Home » swimming » Swimmers Have Special Hydration Needs
  • user warning: Can't find record in 'cache_filter' query: SELECT data, created, headers, expire FROM cache_filter WHERE cid = '3:fb48068ffdfe4c387bf9ba6ee8cf0c43' in /home/momsteam/public_html/includes/database.mysql.inc on line 174.
  • user warning: Can't find record in 'cache_filter' query: UPDATE cache_filter SET data = '<!--paging_filter--><p>\n<img src=\"/files/images/girl_swimming_butterfly__resized_0.jpg\" hspace=\"5\" height=\"133\" width=\"200\" vspace=\"2\" class=\"float-right\" alt=\"Female swimmer doing butterfly\" />As any parent of a competitive age-group swimmer knows, an indoor pool tends to be a very hot and humid place even at the best of times. Pack in all the competitors and spectators at a day-long meet and the temperatures soar, with athletes in or around the pool losing fluids at a high rate. \n</p>\n<p>\nPractices for competitive swimmers also tend to last a long time, during which athletes not only burn a lot of calories but lose a lot of water and electrolytes.\n</p>\n<p>\n&quot;Swimmer\'s definitely get <a href=\"/node/867\">dehydrated</a> because they still sweat in the water,&quot; notes MomsTeam.com\'s hydration expert, Dr. Susan Yeargin.  &quot;On dry land athletes\' sweat is seen on the body, but in a swimmer sweat is immediately swept away in the water as soon as it appears on the skin. So an athlete loses water through sweat still (more so than respiration) and becomes dehydrated.&quot;\n</p>\n<p>\nWhile there are no formal studies of dehydration in swimming, Dr. Yeargin recalls doing a personal experiment when she was an athletic trainer for a swim team. She found, on average, that swimmers lost one liter of fluids (about 33 ounces) during the 2 hour practice. \n</p>\n<p>\nTo avoid dehydration, especially during long swim practices, swimmers should:\n</p>\n<ul>\n <li>Drink 17-20 ounces of a sports drink like Gatorade 2-3 hours before practice starts so they don\'t start <i>already dehydrated</i>;</li>\n <li>Drink 7 to 10 ounces of a sports drink every 10 to 15 minutes during practice to replace lost fluids and electrolytes, and provide the carbohydrates they need to refuel. </li>\n <li>Drink at least 20 ounces of fluid per pound of weight loss within 2 hours after practice ends to help rehydration. </li>\n</ul>\n<p>\nRehydrating with a sports drink during a two-hour practice will give them more energy and help them train harder, especially at the end of a long workout. And the better they train, the better they\'ll compete.\n</p>\n<hr size=\"2\" width=\"100%\" />\n<p>\n&nbsp;\n</p>\n', created = 1566464570, expire = 1566550970, headers = '' WHERE cid = '3:fb48068ffdfe4c387bf9ba6ee8cf0c43' in /home/momsteam/public_html/includes/database.mysql.inc on line 174.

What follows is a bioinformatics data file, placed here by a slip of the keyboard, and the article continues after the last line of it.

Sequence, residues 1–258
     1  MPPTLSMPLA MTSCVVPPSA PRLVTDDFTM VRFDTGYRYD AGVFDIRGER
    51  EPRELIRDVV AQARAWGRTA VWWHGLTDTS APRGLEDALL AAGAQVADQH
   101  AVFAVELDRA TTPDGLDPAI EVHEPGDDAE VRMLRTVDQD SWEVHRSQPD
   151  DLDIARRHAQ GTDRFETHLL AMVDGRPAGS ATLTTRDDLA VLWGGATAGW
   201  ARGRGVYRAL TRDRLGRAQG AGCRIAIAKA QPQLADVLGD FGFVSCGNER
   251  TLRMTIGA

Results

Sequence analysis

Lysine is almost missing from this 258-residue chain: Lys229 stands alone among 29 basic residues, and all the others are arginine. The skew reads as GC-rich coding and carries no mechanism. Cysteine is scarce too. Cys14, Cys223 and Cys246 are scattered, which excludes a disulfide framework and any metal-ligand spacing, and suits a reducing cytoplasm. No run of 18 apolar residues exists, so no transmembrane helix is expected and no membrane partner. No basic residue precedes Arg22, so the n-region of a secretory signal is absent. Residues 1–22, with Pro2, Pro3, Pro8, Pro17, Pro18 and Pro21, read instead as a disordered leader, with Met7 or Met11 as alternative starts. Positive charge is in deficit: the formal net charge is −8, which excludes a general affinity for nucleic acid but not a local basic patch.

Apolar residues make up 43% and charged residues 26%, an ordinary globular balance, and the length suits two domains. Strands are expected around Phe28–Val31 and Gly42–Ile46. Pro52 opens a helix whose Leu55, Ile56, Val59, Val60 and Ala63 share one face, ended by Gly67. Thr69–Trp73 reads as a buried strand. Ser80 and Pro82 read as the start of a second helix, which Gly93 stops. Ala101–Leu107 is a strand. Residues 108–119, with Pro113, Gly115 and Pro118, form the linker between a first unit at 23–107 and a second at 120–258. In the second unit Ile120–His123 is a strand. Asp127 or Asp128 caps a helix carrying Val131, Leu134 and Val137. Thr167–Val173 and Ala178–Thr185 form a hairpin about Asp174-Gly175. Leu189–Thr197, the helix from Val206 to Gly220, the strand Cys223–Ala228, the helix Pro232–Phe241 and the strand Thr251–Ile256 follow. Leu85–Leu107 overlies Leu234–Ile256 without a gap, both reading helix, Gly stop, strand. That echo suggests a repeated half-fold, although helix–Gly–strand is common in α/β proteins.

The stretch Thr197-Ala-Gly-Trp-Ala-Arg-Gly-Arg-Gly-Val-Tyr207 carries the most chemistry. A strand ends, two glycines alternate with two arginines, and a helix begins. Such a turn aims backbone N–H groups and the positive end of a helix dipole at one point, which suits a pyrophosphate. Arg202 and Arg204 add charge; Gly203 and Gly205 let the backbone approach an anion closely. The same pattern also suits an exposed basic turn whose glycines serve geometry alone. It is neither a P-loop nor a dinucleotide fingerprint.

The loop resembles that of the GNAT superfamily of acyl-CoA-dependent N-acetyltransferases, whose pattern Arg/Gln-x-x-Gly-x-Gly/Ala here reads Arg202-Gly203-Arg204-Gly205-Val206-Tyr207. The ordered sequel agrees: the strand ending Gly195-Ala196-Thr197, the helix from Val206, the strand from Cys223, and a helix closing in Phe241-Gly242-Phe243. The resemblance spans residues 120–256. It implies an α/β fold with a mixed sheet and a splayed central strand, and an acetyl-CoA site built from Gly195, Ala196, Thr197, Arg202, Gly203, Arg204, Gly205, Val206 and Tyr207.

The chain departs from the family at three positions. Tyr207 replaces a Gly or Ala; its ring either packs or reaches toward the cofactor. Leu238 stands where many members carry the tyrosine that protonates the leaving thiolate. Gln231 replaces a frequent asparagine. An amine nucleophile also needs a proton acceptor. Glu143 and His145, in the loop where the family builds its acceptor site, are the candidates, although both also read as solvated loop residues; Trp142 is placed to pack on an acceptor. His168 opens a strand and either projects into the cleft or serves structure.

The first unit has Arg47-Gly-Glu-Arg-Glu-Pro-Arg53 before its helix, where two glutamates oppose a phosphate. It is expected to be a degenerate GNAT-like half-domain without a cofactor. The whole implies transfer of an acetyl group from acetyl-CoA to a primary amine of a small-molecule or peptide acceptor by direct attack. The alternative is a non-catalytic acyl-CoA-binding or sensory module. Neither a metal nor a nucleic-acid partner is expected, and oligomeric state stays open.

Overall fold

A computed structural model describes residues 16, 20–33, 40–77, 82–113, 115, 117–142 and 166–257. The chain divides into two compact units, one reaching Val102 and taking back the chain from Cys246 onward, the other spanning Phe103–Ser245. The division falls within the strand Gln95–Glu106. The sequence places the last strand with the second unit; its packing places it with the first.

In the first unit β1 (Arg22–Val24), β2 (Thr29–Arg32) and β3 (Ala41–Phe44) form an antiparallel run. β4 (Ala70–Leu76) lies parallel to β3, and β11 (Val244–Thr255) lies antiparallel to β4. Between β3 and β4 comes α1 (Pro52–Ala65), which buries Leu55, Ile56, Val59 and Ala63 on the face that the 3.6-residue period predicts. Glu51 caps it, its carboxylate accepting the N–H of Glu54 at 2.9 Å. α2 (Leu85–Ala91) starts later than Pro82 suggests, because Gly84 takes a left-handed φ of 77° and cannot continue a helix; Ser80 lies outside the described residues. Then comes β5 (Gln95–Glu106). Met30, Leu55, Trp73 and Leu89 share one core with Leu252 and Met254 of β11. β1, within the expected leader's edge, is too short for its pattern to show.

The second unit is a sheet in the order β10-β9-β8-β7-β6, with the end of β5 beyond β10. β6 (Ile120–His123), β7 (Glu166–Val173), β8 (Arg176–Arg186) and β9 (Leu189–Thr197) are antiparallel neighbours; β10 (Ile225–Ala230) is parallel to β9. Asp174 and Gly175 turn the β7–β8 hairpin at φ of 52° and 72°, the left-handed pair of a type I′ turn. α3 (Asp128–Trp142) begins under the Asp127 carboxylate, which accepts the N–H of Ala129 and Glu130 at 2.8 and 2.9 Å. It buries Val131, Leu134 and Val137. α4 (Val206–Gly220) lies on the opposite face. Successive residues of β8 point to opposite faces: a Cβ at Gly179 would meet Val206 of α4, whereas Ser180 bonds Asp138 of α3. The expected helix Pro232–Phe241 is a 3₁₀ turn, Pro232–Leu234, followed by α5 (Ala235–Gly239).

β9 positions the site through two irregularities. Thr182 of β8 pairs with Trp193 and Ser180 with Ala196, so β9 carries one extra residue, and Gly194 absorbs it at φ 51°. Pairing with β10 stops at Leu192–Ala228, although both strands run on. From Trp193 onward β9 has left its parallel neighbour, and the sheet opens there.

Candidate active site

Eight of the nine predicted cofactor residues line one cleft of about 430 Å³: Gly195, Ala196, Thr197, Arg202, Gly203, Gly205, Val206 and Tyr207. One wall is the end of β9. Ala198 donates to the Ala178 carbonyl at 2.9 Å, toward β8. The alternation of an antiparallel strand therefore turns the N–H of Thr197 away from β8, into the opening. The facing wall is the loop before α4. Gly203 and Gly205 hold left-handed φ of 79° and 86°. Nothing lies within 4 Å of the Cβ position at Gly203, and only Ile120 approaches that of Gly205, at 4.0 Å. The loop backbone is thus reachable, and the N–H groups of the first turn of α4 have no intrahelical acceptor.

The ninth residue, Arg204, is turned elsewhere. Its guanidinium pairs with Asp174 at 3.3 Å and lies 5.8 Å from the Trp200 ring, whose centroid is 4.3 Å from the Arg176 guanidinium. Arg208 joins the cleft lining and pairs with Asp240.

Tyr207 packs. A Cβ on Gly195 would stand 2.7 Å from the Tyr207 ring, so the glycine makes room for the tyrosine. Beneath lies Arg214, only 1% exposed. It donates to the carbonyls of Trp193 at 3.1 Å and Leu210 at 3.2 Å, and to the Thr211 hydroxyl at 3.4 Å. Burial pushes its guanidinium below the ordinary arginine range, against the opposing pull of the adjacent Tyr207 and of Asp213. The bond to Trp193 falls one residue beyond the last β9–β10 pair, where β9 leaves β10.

Swimmers Have Special Hydration Needs

Female swimmer doing butterflyAs any parent of a competitive age-group swimmer knows, an indoor pool tends to be a very hot and humid place even at the best of times. Pack in all the competitors and spectators at a day-long meet and the temperatures soar, with athletes in or around the pool losing fluids at a high rate.

Practices for competitive swimmers also tend to last a long time, during which athletes not only burn a lot of calories but lose a lot of water and electrolytes.

"Swimmer's definitely get dehydrated because they still sweat in the water," notes MomsTeam.com's hydration expert, Dr. Susan Yeargin.  "On dry land athletes' sweat is seen on the body, but in a swimmer sweat is immediately swept away in the water as soon as it appears on the skin. So an athlete loses water through sweat still (more so than respiration) and becomes dehydrated."

While there are no formal studies of dehydration in swimming, Dr. Yeargin recalls doing a personal experiment when she was an athletic trainer for a swim team. She found, on average, that swimmers lost one liter of fluids (about 33 ounces) during the 2 hour practice.

To avoid dehydration, especially during long swim practices, swimmers should:

  • Drink 17-20 ounces of a sports drink like Gatorade 2-3 hours before practice starts so they don't start already dehydrated;
  • Drink 7 to 10 ounces of a sports drink every 10 to 15 minutes during practice to replace lost fluids and electrolytes, and provide the carbohydrates they need to refuel.
  • Drink at least 20 ounces of fluid per pound of weight loss within 2 hours after practice ends to help rehydration.

Rehydrating with a sports drink during a two-hour practice will give them more energy and help them train harder, especially at the end of a long workout. And the better they train, the better they'll compete.